USIP’s programs in Iraq aim to develop local capacities in conflict resolution and the rule of law. In that respect, USIP’s Iraq Priority Grant program supports a nongovernmental organization (NGO) based in the northern city of Kirkuk in its work to enhance community relations with the law enforcement units in this ethnically diverse city.
Some consider Kirkuk to be a microcosm of Iraq because of the various communities that call it home.
With a grant from USIP, this NGO seeks to mitigate a potential ethnic conflict by employing a set of preventive measures. Specifically, the NGO is training policemen on conflict resolution, human rights and tolerance. It is also holding regular community meetings to bridge “credibility gaps” and build trust between the police and the members of Kirkuk’s ethnically diverse community. During these meetings, police representatives acknowledged that there are shortcomings in the conduct of the police and discussed ways to rectify them.
In addition, the NGO undertook training programs that involved 128 policemen and 137 community members. One outcome was the formation of a joint committee with the police and community that is specifically tasked with resolving issues between the two groups.
USIP’s grantee has achieved excellent rapport with police units and the police academy. The project allowed the organization members to gain an insider’s view of the complex working environment of the police in Kirkuk. It observed the harsh working conditions, long schedules and inadequate benefits for police officers. As a result, the organization was able to diagnose poor working conditions among police as contributing to poor performance in their interactions with the community.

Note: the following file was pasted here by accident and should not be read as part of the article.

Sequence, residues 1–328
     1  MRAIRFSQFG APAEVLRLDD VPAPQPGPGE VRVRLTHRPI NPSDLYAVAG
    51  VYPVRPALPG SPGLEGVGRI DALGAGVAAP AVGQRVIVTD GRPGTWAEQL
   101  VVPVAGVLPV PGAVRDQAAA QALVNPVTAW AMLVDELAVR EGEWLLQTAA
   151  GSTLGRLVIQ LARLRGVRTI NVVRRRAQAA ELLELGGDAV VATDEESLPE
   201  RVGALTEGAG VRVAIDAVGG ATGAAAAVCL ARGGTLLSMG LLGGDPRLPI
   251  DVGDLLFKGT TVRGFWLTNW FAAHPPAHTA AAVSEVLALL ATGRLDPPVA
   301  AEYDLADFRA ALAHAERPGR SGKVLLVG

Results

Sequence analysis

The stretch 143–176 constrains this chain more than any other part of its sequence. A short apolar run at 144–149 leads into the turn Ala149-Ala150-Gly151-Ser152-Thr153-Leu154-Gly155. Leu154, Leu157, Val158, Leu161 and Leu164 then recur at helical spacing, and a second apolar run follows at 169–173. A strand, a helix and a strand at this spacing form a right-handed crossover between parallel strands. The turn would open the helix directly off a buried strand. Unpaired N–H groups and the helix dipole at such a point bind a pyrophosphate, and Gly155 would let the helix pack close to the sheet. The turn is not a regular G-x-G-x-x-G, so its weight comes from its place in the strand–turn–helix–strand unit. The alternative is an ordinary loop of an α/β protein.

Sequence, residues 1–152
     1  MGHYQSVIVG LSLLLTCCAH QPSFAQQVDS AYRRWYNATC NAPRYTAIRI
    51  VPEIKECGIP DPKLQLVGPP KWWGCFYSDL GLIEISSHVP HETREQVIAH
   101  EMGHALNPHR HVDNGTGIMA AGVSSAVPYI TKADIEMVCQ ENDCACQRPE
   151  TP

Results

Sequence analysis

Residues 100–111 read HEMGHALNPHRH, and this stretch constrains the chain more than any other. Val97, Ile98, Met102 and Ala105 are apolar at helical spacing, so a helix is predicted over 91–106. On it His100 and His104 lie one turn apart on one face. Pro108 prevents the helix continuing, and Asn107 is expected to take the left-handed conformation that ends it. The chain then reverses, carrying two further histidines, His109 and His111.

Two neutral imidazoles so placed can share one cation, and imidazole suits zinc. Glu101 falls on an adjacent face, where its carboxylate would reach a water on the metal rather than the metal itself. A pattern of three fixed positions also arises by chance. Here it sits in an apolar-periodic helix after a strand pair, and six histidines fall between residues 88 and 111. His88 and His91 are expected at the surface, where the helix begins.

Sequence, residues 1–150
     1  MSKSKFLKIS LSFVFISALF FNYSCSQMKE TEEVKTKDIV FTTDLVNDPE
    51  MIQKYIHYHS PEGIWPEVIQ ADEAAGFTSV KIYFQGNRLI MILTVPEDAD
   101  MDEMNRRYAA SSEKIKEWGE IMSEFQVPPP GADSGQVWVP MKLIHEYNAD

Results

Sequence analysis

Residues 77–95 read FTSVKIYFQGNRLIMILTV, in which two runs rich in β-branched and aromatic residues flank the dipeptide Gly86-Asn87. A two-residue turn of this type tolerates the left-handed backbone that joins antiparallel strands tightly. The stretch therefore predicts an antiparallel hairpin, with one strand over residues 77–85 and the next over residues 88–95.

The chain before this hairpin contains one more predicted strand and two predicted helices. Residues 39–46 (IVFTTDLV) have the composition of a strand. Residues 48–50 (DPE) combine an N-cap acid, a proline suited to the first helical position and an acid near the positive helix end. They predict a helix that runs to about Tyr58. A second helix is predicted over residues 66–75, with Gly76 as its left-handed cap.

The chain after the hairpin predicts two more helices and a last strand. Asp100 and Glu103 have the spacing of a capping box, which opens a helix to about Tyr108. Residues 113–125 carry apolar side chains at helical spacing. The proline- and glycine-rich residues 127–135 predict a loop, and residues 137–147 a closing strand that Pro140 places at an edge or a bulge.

|Iraqi police officers receive training on conflict resolution and human rights in Kirkuk, Iraq by a local NGO|
Entering uncharted territory for an Iraqi civil society organization, it approached the police command to negotiate better working conditions for policemen and request compensation for the families of fallen officers. Thus far, the mediation efforts have been successful, resulting in the completion of 77 applications for compensation and retirement.
Consequently, for the first time, a local NGO was able to mediate and resolve work-related conflicts between policemen and their supervisors through the targeted training sessions. It also appealed to the Kirkuk Health office to provide special healthcare services for policemen especially those injured in terrorist attacks while on duty, and mental health programs to help them cope and facilitate their return to work. As further testament to the NGO’s good work, the Directorate General of Police in Kirkuk requested that the organization formally provide training to 40 police officers on human rights at the police headquarters. Senior officials there were so impressed that they asked to extend the training to the rest of the staff.
The NGO’s director said, “I think it is a very good sign of improving relationships between government and civil society that will make a positive difference in the functioning of the security sector in Iraq.”
The NGO achieved remarkable improvements in police community relations, helping to mitigate a problem that has contributed to perceptions of insecurity and vulnerability among residents of a strategically vital and politically volatile city.
Its mission advances USIP’s overall mandate in Iraq and has the ancillary benefit in supporting the U.S.’s long-term investment in a peaceful and stable Iraq. By ensuring local, credible, and well-trained law enforcement capacities in Iraq, USIP helps facilitate the return of U.S. troops home. USIP’s work in Iraq helps in reducing violence and provides mechanisms for local communities to resolve conflicts and prevent them from reoccurring.